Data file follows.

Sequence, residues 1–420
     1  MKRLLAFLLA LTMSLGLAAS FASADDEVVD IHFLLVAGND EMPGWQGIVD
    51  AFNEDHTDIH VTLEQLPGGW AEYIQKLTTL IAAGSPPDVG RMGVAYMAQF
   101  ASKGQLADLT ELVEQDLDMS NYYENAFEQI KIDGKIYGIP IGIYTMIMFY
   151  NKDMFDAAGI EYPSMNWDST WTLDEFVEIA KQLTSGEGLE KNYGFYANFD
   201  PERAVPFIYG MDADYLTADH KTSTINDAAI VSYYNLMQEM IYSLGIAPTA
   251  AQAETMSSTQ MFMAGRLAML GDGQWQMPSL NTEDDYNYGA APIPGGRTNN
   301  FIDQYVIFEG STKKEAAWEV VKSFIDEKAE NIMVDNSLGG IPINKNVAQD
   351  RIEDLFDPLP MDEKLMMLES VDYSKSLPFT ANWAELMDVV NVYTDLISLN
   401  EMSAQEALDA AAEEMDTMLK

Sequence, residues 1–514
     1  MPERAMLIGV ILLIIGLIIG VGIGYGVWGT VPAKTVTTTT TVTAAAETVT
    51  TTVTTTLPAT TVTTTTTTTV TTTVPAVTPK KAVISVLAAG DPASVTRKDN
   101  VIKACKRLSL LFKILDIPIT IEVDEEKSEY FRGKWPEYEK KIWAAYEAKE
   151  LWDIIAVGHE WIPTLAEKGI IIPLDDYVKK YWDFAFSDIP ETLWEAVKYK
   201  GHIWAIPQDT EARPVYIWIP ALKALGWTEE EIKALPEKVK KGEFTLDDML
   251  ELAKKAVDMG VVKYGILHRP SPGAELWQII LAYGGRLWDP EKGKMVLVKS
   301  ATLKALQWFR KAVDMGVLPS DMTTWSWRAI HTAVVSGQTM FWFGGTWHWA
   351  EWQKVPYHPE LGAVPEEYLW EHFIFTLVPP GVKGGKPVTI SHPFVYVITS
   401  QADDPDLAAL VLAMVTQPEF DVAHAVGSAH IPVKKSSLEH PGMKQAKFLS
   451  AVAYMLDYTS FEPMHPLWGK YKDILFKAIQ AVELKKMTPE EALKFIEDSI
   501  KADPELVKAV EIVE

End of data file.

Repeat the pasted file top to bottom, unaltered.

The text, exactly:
Sequence, residues 1–420
     1  MKRLLAFLLA LTMSLGLAAS FASADDEVVD IHFLLVAGND EMPGWQGIVD
    51  AFNEDHTDIH VTLEQLPGGW AEYIQKLTTL IAAGSPPDVG RMGVAYMAQF
   101  ASKGQLADLT ELVEQDLDMS NYYENAFEQI KIDGKIYGIP IGIYTMIMFY
   151  NKDMFDAAGI EYPSMNWDST WTLDEFVEIA KQLTSGEGLE KNYGFYANFD
   201  PERAVPFIYG MDADYLTADH KTSTINDAAI VSYYNLMQEM IYSLGIAPTA
   251  AQAETMSSTQ MFMAGRLAML GDGQWQMPSL NTEDDYNYGA APIPGGRTNN
   301  FIDQYVIFEG STKKEAAWEV VKSFIDEKAE NIMVDNSLGG IPINKNVAQD
   351  RIEDLFDPLP MDEKLMMLES VDYSKSLPFT ANWAELMDVV NVYTDLISLN
   401  EMSAQEALDA AAEEMDTMLK

Sequence, residues 1–514
     1  MPERAMLIGV ILLIIGLIIG VGIGYGVWGT VPAKTVTTTT TVTAAAETVT
    51  TTVTTTLPAT TVTTTTTTTV TTTVPAVTPK KAVISVLAAG DPASVTRKDN
   101  VIKACKRLSL LFKILDIPIT IEVDEEKSEY FRGKWPEYEK KIWAAYEAKE
   151  LWDIIAVGHE WIPTLAEKGI IIPLDDYVKK YWDFAFSDIP ETLWEAVKYK
   201  GHIWAIPQDT EARPVYIWIP ALKALGWTEE EIKALPEKVK KGEFTLDDML
   251  ELAKKAVDMG VVKYGILHRP SPGAELWQII LAYGGRLWDP EKGKMVLVKS
   301  ATLKALQWFR KAVDMGVLPS DMTTWSWRAI HTAVVSGQTM FWFGGTWHWA
   351  EWQKVPYHPE LGAVPEEYLW EHFIFTLVPP GVKGGKPVTI SHPFVYVITS
   401  QADDPDLAAL VLAMVTQPEF DVAHAVGSAH IPVKKSSLEH PGMKQAKFLS
   451  AVAYMLDYTS FEPMHPLWGK YKDILFKAIQ AVELKKMTPE EALKFIEDSI
   501  KADPELVKAV EIVE